This week, THE LETTERS OF FLANNERY O'CONNOR AND CAROLINE GORDON ranked #54 in Amazon.com's listing of Literary/Letters books! Thrilled to be right behind Van Gogh.
"[Caroline Gordon's] letters to O’Connor, which cover 13 years from 1951 to O’Connor’s death in 1964, are the most detailed literary critiques I have ever read, covering everything from naming characters, to proper viewpoint, particularly as she guided O’Connor through the writing of her first novel, Wise Blood. She was a hard taskmaster and would not… Continue reading “The Electric Give and Take”
In The Letters of Flannery O’Connor and Caroline Gordon, one my favorite O’Connor letters tells a story about how the displaced persons who lived at Andalusia interacted with the longtime farmhands: “The D. P. [the Displaced Person, Mr. Matysiak] and Shot nearly choked each other in the wagon the other day and now my mother… Continue reading Regina O’Connor, The Diplomat
In February, 1957, an adaptation of Flannery O’Connor’s story “The Life You Save May Be Your Own” was presented in an episode of CBS’s Schlitz Playhouse of Stars and featured Gene Kelly. Watch it here. In February, 1959, O’Connor received a Ford Foundation grant of $8,000. Fellow recipients included Katherine Anne Porter and Robert Fitzgerald. Read… Continue reading February, for Flannery O’Connor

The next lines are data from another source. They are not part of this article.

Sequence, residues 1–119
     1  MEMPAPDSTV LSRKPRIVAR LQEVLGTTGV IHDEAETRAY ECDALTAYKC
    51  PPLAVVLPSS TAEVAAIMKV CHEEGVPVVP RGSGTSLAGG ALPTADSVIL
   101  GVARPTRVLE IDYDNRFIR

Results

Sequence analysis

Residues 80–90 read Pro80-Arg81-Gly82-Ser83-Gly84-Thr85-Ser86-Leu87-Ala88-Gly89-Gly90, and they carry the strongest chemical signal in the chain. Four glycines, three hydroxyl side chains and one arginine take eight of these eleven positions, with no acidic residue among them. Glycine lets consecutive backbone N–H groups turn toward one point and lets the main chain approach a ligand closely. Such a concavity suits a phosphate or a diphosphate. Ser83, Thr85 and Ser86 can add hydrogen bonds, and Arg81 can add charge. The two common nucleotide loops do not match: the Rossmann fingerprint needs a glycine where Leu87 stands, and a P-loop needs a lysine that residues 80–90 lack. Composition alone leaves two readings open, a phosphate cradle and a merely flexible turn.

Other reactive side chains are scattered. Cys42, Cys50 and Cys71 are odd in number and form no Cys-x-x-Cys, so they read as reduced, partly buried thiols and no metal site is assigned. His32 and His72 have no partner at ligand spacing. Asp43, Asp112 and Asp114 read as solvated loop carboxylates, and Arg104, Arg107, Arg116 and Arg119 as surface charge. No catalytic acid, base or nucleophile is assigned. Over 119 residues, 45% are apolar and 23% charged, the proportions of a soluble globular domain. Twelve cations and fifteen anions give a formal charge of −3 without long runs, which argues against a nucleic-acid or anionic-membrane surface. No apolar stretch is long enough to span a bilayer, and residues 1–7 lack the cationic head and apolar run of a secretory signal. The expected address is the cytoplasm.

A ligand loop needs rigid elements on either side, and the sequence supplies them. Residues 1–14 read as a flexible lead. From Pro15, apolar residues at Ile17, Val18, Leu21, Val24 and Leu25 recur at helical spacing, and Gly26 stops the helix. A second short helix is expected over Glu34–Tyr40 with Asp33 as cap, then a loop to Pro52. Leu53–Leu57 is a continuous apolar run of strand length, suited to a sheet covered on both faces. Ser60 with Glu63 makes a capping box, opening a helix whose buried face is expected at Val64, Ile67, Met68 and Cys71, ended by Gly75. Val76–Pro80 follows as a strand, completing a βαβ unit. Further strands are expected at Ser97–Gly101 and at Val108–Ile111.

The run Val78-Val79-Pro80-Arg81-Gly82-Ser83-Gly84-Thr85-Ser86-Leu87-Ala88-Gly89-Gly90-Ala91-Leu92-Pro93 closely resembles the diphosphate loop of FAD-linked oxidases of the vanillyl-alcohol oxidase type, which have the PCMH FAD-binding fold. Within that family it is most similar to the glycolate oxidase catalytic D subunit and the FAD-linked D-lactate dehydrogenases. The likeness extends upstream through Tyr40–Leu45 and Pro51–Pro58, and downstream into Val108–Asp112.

“The serious fiction writer imitates God when in his book he creates what seems to be a whole world. It must give the illusion of being a whole world, too, for when one writes a novel, one must create a lot more than goes into it. I had an old novelist friend [Ford Madox Ford] who… Continue reading Creating a World
There are small moments within the letters of O’Connor and Gordon that open into larger worlds—moments I’ve been exploring without any goal or endposts. Here is one. On 29 January 1953, Flannery O’Connor wrote to her new friend Caroline Gordon about her reading of George Eliot (the pen name of Mary Anne Evans): I got… Continue reading That roar which lies on the other side of silence…
Let me sum up my own Credo, in the hope that I can make what I am trying to say clear. A novel, any novel, in the first place, must be about love. There is no other subject. --Caroline Gordon to Walker Percy, Undated letter [January 1952]